The disjunctive theory of combinatorial games can trace its roots to the work
of Sprague and Grundy in the 1930s, but its modern form was born with the
arrival of Conway’s On Numbers and Games in 1976 and the classic Winning
Ways for Your Mathematical Plays by Berlekamp, Conway, and Guy in 1982.
In the ensuing three decades, combinatorial game theory has blossomed into
a serious and active branch of combinatorics, with connections to coding
theory, computational complexity, and commutative algebra.
This book is intended as a second course on combinatorial games, at
the first- or second-year graduate level, and most readers will benefit from
some prior exposure to the subject. Winning Ways is a fine introduction;
in addition, an excellent new textbook by Albert, Nowakowski, and Wolfe,
titled Lessons in Play: An Introduction to Combinatorial Game Theory,
has recently appeared. Either (or both) of these references should serve as
adequate preparation for this volume.
Nonetheless, this book is completely self-contained and traces the devel-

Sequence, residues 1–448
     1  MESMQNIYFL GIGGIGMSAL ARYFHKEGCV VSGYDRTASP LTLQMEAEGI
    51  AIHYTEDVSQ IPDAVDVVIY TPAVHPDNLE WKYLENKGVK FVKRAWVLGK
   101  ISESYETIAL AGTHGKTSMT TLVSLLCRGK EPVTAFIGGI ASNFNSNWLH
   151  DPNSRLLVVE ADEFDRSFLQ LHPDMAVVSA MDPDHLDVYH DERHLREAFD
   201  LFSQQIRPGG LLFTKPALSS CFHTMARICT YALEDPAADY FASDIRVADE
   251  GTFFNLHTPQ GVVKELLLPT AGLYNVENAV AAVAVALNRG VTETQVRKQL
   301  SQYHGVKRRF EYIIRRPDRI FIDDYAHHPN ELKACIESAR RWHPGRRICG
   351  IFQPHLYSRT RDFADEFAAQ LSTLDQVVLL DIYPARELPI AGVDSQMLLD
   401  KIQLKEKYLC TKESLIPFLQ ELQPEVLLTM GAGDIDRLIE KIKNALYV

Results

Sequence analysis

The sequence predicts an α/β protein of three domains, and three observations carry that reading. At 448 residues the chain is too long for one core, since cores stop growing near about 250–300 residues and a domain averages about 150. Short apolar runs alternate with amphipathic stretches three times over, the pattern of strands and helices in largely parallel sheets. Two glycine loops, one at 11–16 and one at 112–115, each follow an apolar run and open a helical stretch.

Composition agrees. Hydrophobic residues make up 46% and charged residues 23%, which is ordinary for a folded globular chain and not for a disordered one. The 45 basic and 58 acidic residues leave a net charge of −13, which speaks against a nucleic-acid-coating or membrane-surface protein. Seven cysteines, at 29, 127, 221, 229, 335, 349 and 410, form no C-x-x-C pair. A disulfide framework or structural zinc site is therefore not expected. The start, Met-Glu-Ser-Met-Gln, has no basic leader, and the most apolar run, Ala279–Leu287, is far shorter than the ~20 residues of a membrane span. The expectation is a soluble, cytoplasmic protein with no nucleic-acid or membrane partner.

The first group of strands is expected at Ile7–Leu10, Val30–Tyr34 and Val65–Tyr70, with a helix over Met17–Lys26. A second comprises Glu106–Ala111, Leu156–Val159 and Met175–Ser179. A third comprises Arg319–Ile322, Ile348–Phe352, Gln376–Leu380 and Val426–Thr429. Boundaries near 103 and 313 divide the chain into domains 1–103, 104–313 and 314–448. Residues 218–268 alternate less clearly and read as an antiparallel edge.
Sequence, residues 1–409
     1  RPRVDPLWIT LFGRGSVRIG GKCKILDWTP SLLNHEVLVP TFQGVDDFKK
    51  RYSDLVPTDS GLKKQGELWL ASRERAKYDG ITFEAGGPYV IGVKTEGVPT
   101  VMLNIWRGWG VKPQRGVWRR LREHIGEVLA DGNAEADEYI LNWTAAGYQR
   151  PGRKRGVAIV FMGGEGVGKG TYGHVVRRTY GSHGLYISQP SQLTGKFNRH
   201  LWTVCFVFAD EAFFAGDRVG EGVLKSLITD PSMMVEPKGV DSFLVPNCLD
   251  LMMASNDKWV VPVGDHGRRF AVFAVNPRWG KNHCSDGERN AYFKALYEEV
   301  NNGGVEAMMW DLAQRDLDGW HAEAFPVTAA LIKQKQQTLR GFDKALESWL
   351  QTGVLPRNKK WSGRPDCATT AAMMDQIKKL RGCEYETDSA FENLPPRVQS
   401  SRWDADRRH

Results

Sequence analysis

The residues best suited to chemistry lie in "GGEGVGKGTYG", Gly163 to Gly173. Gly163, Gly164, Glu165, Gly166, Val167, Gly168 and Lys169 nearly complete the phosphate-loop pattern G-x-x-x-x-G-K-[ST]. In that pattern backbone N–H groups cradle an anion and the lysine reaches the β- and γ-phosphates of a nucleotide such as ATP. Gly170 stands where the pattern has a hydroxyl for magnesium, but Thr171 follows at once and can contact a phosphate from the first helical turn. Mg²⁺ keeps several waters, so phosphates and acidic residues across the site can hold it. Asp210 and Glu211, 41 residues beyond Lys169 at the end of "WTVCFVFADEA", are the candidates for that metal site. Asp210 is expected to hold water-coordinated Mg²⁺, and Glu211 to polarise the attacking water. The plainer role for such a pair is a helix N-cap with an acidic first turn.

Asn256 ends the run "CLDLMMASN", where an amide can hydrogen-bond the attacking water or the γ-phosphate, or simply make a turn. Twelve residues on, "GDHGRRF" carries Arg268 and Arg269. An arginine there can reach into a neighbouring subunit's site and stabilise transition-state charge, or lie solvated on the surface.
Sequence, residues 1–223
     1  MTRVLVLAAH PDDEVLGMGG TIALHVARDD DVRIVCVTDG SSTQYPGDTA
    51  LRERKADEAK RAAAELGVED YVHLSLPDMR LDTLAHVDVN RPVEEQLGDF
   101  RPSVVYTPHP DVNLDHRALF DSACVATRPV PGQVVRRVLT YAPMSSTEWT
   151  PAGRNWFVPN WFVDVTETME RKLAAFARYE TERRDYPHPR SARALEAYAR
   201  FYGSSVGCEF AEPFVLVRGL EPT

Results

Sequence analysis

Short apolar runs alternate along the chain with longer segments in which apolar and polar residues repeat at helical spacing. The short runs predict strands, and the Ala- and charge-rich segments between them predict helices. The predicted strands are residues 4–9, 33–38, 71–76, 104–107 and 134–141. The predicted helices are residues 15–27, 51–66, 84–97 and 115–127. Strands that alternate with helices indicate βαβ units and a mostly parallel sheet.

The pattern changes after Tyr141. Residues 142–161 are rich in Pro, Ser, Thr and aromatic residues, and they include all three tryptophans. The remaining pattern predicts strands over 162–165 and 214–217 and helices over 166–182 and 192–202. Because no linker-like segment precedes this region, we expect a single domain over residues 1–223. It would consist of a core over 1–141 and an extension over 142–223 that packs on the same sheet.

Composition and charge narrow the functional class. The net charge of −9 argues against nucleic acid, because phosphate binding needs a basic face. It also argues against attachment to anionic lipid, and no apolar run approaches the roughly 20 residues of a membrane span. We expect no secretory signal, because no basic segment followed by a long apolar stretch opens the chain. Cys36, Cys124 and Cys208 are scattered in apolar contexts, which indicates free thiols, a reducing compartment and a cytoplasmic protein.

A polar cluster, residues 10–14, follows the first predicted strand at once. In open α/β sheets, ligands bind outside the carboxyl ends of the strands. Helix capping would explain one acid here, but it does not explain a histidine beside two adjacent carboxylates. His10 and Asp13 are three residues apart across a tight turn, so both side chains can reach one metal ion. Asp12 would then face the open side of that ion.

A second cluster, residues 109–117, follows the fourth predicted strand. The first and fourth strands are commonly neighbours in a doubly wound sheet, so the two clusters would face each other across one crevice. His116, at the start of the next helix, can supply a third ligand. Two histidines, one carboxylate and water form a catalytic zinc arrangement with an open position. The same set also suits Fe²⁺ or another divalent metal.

opment of the theory from first principles and examples through many of its
most recent advances. It should serve those who have read Winning Ways
and crave a more rigorous development of the theory, as well as professionals
seeking a cohesive reference for the many new ideas that have emerged in re-
cent years. Among those advances appearing for the first time in textbook
form (as far as I know) are Berlekamp’s generalized temperature theory,
Thane Plambeck’s elegant theory of mis`ere quotients, David Moews’ results
on the group structure of G, and the construction of mis`ere canonical forms
for partizan games.
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